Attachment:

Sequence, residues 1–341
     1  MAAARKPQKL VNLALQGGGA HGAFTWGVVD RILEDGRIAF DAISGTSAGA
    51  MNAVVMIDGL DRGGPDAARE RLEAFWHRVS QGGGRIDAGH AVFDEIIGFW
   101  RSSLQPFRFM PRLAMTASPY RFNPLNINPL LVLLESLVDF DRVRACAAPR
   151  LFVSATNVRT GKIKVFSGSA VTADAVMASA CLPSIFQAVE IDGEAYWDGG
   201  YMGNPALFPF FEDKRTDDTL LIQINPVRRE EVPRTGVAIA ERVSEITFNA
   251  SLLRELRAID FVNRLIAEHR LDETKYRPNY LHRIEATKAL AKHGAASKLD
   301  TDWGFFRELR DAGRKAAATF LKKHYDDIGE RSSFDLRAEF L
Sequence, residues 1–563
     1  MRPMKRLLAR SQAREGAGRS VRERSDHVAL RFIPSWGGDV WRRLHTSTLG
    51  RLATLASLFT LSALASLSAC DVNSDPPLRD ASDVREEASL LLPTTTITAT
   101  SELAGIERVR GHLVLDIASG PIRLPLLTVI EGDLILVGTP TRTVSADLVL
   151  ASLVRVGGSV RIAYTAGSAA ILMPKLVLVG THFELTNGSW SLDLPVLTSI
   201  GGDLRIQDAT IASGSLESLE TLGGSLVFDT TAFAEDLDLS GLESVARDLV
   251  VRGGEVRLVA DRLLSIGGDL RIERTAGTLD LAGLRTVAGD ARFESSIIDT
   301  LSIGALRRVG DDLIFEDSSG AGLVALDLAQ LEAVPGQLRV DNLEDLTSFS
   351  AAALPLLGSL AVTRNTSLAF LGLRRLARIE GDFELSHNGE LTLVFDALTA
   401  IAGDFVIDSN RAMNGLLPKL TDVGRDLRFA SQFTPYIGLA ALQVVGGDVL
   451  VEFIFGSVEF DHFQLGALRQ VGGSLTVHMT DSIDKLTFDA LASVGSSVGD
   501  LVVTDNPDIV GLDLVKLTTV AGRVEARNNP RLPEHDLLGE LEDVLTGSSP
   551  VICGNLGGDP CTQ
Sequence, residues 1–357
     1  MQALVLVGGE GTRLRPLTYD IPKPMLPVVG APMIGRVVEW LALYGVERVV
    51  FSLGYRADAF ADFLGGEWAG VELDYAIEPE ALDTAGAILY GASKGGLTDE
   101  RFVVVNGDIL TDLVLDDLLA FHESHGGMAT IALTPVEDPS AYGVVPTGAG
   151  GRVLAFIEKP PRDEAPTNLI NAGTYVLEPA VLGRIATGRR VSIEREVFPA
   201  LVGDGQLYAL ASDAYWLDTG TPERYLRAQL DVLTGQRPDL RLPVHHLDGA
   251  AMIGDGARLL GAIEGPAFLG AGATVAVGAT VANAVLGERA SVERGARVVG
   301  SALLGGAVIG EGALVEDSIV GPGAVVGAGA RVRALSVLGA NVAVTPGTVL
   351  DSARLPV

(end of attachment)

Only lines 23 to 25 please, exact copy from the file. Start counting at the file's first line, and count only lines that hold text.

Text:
     1  MQALVLVGGE GTRLRPLTYD IPKPMLPVVG APMIGRVVEW LALYGVERVV
    51  FSLGYRADAF ADFLGGEWAG VELDYAIEPE ALDTAGAILY GASKGGLTDE
   101  RFVVVNGDIL TDLVLDDLLA FHESHGGMAT IALTPVEDPS AYGVVPTGAG